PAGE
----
I like David Seymour’s take on land use planning and urban development in New Zealand. David writes, in his State of the Nation address:
At present we have the RMA governing councils’ planning. It is highly dysfunctional at 900 pages, having started out at a much healthier 400 pages. Those 900 pages contain the words “inappropriate subdivision” 156 times. There are 15 different ‘principles’ in section two, which sets the tone for the whole Act, and it is unclear which ones to prioritise. None of them promote the supply of housing, or even recognize property rights for home- and land-owners.
One of the consequences of RMA ambiguity is that urban plans are too large to be published on paper. You cannot get a paper copy of the Auckland Unitary Plan because it is impractical to print. Another consequence is that consenting takes forever. Developers often complain that it can take longer and sometimes even cost more to get consent for a project than it does to build the thing.
The central problem is that we regulate the urban environment like it is a natural environment. New Zealand has outstanding natural environments, such as Fiordland in the south and the Coromandel in the north. The resource management laws set up to protect those environments can’t possibly be right for deciding whether a paddock with a horse in it can be turned into houses.
We need to take cities out of the RMA and introduce new supply–focused urban planning legislation in line with the recommendations of the Productivity Commission’s report Better Urban Planning. Such a regime should prioritise:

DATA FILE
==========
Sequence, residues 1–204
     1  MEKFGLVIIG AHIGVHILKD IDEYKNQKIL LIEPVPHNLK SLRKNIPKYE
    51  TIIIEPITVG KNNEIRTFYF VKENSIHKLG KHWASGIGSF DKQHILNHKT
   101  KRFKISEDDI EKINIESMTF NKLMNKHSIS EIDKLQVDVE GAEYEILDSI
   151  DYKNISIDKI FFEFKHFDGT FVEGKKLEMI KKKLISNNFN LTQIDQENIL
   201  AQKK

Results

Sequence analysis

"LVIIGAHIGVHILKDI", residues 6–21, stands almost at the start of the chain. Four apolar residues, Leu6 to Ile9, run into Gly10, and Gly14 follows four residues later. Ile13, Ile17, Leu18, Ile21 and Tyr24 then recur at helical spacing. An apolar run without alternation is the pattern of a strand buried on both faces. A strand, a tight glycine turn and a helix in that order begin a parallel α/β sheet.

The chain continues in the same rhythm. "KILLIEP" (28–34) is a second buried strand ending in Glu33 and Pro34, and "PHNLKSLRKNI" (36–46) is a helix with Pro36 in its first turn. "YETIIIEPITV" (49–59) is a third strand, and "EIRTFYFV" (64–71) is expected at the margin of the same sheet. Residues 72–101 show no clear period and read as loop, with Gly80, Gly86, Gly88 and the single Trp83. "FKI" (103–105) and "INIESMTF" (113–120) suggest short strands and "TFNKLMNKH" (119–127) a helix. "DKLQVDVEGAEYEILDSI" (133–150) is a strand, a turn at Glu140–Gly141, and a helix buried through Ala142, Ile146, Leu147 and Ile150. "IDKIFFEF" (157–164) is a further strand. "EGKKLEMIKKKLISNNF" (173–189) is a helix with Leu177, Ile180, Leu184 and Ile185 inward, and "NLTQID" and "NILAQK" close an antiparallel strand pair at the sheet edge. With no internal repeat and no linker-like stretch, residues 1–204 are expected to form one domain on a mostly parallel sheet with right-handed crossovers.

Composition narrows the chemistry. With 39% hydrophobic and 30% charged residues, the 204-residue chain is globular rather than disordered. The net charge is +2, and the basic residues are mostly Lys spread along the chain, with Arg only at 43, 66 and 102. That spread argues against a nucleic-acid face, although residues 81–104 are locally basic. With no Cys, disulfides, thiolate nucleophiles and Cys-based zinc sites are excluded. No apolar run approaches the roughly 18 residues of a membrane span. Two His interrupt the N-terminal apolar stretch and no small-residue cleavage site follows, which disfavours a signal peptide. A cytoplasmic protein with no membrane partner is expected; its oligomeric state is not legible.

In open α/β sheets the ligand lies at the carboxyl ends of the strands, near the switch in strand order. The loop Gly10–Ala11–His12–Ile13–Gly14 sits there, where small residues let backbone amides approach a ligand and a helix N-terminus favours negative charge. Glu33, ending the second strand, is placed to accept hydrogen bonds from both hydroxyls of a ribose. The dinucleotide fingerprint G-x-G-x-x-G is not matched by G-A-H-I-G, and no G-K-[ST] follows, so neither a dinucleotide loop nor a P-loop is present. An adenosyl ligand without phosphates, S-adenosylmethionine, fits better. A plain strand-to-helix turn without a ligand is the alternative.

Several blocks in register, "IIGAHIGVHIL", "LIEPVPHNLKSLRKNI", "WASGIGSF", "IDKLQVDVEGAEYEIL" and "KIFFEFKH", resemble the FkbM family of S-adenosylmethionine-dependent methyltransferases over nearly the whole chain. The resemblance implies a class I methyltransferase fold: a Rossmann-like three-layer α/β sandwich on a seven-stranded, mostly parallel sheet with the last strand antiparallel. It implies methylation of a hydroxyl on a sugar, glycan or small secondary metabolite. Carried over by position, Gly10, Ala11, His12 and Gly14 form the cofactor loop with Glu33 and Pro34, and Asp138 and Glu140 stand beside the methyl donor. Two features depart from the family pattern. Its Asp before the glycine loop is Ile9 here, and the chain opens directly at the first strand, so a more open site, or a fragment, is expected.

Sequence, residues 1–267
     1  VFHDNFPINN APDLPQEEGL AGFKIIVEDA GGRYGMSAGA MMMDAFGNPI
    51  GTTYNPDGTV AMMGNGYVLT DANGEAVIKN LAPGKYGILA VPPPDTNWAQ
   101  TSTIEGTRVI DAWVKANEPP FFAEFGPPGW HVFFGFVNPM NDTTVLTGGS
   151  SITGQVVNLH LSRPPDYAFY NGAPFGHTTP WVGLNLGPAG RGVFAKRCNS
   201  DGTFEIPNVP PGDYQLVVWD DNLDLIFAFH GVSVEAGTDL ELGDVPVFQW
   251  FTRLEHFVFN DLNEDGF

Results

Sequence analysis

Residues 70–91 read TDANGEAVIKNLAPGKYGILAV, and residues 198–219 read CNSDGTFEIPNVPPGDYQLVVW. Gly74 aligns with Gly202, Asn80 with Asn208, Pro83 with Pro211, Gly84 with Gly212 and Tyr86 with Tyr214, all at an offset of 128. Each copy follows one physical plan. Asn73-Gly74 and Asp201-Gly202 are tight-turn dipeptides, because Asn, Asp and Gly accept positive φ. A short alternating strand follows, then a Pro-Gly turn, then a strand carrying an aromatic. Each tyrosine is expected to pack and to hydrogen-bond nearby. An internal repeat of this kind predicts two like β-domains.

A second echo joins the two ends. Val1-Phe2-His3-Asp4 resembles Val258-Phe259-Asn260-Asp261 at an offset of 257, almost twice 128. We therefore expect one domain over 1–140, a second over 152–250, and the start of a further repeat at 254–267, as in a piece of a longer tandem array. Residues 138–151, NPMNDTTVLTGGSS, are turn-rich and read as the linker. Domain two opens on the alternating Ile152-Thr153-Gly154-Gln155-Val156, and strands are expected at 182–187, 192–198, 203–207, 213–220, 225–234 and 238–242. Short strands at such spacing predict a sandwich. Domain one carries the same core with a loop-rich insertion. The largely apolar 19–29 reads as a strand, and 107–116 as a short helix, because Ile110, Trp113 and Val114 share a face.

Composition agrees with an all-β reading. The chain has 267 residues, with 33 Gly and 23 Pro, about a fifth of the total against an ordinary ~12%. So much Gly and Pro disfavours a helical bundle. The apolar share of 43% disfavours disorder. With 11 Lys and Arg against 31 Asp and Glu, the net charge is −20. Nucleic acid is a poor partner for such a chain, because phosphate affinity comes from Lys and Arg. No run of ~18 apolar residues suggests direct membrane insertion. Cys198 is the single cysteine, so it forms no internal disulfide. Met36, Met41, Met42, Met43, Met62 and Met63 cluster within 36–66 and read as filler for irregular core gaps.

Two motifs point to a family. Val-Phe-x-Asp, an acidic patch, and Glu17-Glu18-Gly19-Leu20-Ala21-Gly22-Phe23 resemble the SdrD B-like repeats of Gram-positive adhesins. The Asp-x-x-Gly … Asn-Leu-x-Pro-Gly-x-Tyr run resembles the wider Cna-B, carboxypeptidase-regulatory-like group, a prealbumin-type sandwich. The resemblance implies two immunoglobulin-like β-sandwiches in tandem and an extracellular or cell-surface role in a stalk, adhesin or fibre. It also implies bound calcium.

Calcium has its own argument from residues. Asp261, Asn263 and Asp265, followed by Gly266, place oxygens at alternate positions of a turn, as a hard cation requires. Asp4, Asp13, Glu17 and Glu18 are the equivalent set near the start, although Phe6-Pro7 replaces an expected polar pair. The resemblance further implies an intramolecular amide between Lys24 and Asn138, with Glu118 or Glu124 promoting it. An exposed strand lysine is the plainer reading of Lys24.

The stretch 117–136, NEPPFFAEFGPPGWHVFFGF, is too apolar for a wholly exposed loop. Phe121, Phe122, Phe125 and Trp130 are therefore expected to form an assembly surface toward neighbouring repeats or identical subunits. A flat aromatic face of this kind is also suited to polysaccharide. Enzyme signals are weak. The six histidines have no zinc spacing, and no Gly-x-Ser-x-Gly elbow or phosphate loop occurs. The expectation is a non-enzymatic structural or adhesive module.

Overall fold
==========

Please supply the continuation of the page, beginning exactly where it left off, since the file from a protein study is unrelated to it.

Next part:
*Supplying land and infrastructure in response to demand, including automatic triggers to release land when prices reach a given level x Obligations to set out future infrastructure corridors
*Less restrictive zoning, with fewer levels of zoning and restriction
*Greater protection for existing property owners by allowing objections from those directly affected rather than third parties The bottom line for ACT is that if we hold the balance of power after the next election, the Government must remove urban Councils, those with more than 100,000 people, from the jurisdiction of the RMA and introduce new legislation for that promotes an adequate supply of housing.
David goes on to suggest more of the things we at the Initiative have been talking about for some time, like changing Councils’ financial incentives to make them more welcoming of urban growth. I don’t disagree with any of his policy proposals.
I talked about similar issues in an interview with the NBR’s Andrew Patterson for NBR Radio. The interview was on the back of the Demographia report showing Auckland to be even more unaffordable than San Francisco. Egads.
I’ll make one minor clarification. Seymour’s piece notes that I’ve highlighted the importance of housing costs in contributing to measured inequality. That’s true. But inequality in market incomes has been flat or declining for about the last 20 years rather than the past 30 years; inequality in consumption is a bit below where it was in the early 80s, so that one’s true for the last 30 years. Both of those are in the Creedy series that adjusts for changes in household composition. I do think that housing affordability has driven much of the current inequality concern though, as inequality is higher on an AHC than a BHC basis, and as rich people outbidding you for scarce housing is a totally non-crazy reason to worry about other people having more money than you.